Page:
Totally Testacular

Alex R. Young





libraries testing node browser

Totally Testacular

Posted by Alex R. Young on .

libraries testing node browser

Totally Testacular

Posted by Alex R. Young on .

Vojta Jina created Testacular (GitHub: vojtajina / testacular, License: MIT, npm: testacular) to write better tests for AngularJS, Google's client-side library that's rapidly gaining support from the wider web development community.

While established projects like Selenium are currently more complete than Testacular, the goal of bringing 100% of Angular's tests to Testacular is an important milestone that should bring more attention to the project.

Testacular diagram

The design of Testacular itself is actually fairly lightweight. It uses a built-in Node-powered web server to send a test harness to a browser, and then Socket.IO is used for communication between the browser and client. A special page, /context.html, is used to contain tests, and a Node file watcher automatically runs tests when the associated test files change.

A configuration file is used to pull all of this together. It's basically JavaScript, but uses special variables to set configuration options. For example, files is an array that holds a list of files to load in the browser, and reporters controls how test results are displayed.

Testacular automatically runs a browser instance when testacular start is invoked on the command-line. The entire workflow is optimised around development, so you shouldn't have to leave your editor to see results. Also, a new instance of a browser is loaded -- if you set up Chrome to run tests then your existing Chrome session won't be interfered with.

Browsers are scripted through "launcher" files. The Chrome launcher includes command-line invocations suitable for Linux, Windows, and Mac OS. It's also possible to use Internet Explorer and PhantomJS.

Testing cross-platform is also supported through custom launcher files. I found a custom browser example by digging through the project's documentation. This is intended for invoking browsers through a virtual machine on a Continuous Integration (CI) server, but this could be adapted for local development. In fact, supporting Travis CI was one of Vojta's initial goals for the project.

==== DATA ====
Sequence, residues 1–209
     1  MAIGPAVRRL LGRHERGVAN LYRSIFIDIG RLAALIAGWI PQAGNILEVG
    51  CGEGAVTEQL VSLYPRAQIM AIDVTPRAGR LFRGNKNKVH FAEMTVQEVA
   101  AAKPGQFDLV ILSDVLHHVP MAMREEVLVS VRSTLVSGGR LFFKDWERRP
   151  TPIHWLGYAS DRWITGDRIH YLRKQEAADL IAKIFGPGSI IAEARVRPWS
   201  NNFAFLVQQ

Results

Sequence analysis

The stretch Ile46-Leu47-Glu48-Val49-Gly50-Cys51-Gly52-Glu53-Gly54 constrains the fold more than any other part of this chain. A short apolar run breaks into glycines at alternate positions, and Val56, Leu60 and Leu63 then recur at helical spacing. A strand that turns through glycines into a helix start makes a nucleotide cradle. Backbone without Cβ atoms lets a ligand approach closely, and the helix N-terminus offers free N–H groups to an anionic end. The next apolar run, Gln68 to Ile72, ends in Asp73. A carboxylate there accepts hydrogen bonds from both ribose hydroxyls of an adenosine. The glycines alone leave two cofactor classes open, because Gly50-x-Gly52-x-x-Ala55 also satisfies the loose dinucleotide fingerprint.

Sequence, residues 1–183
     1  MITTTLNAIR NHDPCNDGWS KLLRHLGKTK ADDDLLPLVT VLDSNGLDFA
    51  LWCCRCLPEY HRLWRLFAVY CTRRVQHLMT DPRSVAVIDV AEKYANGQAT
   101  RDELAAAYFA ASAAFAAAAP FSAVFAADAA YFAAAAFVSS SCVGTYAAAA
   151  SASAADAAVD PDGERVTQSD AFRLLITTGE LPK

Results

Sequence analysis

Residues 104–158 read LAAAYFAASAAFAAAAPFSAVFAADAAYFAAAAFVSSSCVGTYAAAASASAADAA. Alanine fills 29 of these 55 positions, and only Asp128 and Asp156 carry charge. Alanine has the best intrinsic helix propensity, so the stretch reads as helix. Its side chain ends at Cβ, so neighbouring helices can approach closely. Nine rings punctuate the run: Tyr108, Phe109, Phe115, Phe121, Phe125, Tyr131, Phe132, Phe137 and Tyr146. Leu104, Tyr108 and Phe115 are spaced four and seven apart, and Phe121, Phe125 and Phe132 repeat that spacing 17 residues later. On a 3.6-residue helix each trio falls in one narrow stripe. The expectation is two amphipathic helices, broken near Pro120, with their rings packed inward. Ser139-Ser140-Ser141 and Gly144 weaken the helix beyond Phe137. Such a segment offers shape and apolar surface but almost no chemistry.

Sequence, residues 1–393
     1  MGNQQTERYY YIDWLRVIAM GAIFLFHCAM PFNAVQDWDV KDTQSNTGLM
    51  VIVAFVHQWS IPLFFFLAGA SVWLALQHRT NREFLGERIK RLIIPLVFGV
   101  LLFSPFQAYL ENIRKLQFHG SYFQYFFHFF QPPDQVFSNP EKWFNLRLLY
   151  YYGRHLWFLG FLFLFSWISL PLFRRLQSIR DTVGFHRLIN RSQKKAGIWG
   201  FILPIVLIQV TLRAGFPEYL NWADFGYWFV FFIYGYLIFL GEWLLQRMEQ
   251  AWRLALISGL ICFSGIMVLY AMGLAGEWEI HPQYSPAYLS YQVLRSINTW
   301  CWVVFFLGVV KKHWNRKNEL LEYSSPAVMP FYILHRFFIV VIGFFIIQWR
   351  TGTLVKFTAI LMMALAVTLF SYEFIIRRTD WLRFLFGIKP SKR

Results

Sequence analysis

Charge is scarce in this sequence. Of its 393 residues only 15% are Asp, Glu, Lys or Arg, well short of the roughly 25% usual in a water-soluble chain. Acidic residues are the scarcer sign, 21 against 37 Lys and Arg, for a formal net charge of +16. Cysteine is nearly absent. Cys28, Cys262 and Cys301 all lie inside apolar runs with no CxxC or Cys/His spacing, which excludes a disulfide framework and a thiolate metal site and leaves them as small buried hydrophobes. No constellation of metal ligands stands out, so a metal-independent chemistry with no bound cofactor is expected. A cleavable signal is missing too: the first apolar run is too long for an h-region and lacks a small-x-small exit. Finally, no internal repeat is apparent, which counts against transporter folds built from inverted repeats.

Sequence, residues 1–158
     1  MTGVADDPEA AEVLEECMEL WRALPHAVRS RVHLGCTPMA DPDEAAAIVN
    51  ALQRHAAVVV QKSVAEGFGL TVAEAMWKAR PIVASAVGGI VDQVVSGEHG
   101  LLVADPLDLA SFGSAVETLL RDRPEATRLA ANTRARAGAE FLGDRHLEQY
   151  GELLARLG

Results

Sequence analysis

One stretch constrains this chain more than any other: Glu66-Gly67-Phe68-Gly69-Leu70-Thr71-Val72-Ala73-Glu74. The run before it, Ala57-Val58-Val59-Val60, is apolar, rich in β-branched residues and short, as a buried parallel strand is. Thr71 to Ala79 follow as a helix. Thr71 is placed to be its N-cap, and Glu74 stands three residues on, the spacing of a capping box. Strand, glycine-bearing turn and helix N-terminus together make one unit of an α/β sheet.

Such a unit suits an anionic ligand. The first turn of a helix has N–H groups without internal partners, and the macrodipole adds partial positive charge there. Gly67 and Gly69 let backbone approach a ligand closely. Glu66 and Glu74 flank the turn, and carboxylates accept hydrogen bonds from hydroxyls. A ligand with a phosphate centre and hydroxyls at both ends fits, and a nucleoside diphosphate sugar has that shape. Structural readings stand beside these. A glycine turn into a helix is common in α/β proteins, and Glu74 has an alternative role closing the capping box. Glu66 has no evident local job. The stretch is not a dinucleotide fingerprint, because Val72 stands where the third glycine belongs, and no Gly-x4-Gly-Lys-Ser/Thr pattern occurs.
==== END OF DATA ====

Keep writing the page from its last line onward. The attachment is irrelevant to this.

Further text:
Trying Testacular

The Testacular readme has some details on how to get started writing Testacular tests. It'll work with both Jasmine and Mocha. Let's say you're using Jasmine to test an existing project, and have added testacular to your package.json or installed it. All you need to do is run testacular init to create a configuration file, edit it with suitable values for your project, and then start up the Testacular server with testacular start.

Assuming you've created a Jasmine Testacular config file, change the files argument as follows:

files = [  

And then add a test file to test/, anything will do:

describe('Array', function(){  
  describe('#indexOf()', function(){
    it('should return -1 when the value is not present', function(){
      expect([1, 2, 3].indexOf(5)).toEqual(-1);

Now running testacular start will start up the tests. You should see something like the following screenshot -- if not, check your basePath.

Testacular running on a Mac with Chrome


It's good to see interesting spin-offs coming from MVC projects. Vojta has been working on Testacular for a while now, and it seems like his original plans are coming to fruition. If you're frustrated with Selenium and work with Node, it might be a natural fit.

P.S. Writing this article without accidentally typing "testicular" was a formidable challenge.